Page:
TUSCALOOSA, AL (PIX11) -- The deadliest twisters to tear across the U.S. in nearly four decades have killed hundreds and injured thousands.
Now, a day later, amazing stories of survival are emerging -- the family that rode it out in the basement of a funeral home, a mother who grabbed 2 daughters and took shelter inside a tanning bed.
And then there's the tale of a man who had relocated from the Lower East Side of Manhattan to ground zero of the twister outbreak: Tuscaloosa, Alabama.
Forecasters say the tornado that roared through Tuscaloosa, AL is likely an EF5, the deadliest kind. At a mile wide, it had winds destroying everything in its path clocked at more than 200 miles an hour.
Chris and Debra Wozniak's house was flattened, their entire neighborhood ripped apart. But Chris and his two Jack Russell dogs survived inside a tiny bathroom; his wife rode out the storm across town at the University of Alabama. The recent transplant from the Lower East Side told his harrowing tale.
Chris Wozniak had been looking out his side door when the voracious twister hit, "It just blocked out the sky it was so wide. It didn’t look like a tornado, it looked like a wall of doom."
Forecasters gave 24 minutes warning that the monster tornado was on the move. It carved a path of destruction in 6 states, killing roughly 300. Yet it was deadliest in Alabama, with 194 lives lost.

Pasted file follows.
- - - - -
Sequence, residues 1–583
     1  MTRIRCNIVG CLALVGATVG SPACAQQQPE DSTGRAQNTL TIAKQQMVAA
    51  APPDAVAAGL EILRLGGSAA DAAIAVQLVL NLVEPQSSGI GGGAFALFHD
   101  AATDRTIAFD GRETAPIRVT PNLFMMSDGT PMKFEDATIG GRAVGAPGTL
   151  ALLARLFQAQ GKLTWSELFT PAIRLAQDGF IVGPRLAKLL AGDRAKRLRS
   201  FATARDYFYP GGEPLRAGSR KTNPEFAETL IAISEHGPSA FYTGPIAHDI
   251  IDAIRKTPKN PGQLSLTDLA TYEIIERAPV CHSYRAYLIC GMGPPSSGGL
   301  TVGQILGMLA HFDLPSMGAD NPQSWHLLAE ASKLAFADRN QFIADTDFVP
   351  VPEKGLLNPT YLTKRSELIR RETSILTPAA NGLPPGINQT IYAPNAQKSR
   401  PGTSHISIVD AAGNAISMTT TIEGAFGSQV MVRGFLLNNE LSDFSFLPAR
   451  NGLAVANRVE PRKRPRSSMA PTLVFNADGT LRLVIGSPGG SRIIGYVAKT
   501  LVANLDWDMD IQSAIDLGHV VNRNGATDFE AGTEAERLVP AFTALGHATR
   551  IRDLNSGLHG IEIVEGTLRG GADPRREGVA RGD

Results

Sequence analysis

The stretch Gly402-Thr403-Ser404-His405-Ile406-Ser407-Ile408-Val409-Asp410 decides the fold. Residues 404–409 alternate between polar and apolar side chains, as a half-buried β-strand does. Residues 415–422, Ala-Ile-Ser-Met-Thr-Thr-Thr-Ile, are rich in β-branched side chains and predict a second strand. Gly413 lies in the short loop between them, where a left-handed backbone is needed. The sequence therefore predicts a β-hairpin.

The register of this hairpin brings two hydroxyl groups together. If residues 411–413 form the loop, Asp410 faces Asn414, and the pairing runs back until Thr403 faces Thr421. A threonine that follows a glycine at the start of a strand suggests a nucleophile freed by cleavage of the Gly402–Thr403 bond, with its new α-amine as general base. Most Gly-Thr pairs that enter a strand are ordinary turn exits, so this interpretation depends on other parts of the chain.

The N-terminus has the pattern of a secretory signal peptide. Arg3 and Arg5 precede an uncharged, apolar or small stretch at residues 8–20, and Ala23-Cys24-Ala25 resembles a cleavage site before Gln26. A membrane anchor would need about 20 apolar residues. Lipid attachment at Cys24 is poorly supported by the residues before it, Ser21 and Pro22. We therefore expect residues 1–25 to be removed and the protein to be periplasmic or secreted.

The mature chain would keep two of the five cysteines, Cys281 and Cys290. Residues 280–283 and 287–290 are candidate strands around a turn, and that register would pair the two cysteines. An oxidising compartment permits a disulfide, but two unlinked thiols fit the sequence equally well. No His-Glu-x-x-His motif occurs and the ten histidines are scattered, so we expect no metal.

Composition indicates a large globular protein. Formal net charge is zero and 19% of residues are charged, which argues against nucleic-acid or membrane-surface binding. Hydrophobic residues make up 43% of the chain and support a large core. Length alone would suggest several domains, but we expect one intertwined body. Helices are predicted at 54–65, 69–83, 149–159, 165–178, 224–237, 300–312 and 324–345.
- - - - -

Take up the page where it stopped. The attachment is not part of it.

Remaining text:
Wozniak recounted the horror of the approach, “It was just, oh my God, right in front of me, dead center, and then it just rolled over me. I thought, ‘this is an absolutely ridiculously pointless way to die. It was so arbitrary.’”
But Wozniak, with his two dogs leashed around his waist survived by running for cover in the bathroom. He described how he protected himself, “I put on a motorcycle helmet and put a sofa cushion over me and literally, just as I got into the tub, the ground started shaking, the whole house started shaking, and I knew I was definitely going to get hit.”
He described what he saw as the tornado roared overhead, “When I opened my door my living room just blew away, and then a Krispy Kreme truck hit upside down, then the whole house fell on top of me and a pickup truck just fell out of the sky and landed five feet to my right, and then another car twelve feet away, just right out of the sky. The whole thing was maybe eight seconds long. It was unreal.”
Wozniak said his two dogs looked like kites as the tornado tried to rip them off the leashes attached to his waist and into the sky.
National Guards troops responded in minutes, Wozniak said, as he pulled himself from the ruins of his house with just cuts to his legs and arms. He directed them to neighbors' homes where he'd heard a woman's screams and another, where he knew there was a new baby. “My street doesn’t exist anymore; it’s a gash in the earth. I was on my street and didn’t know it,” Wozniak recounted.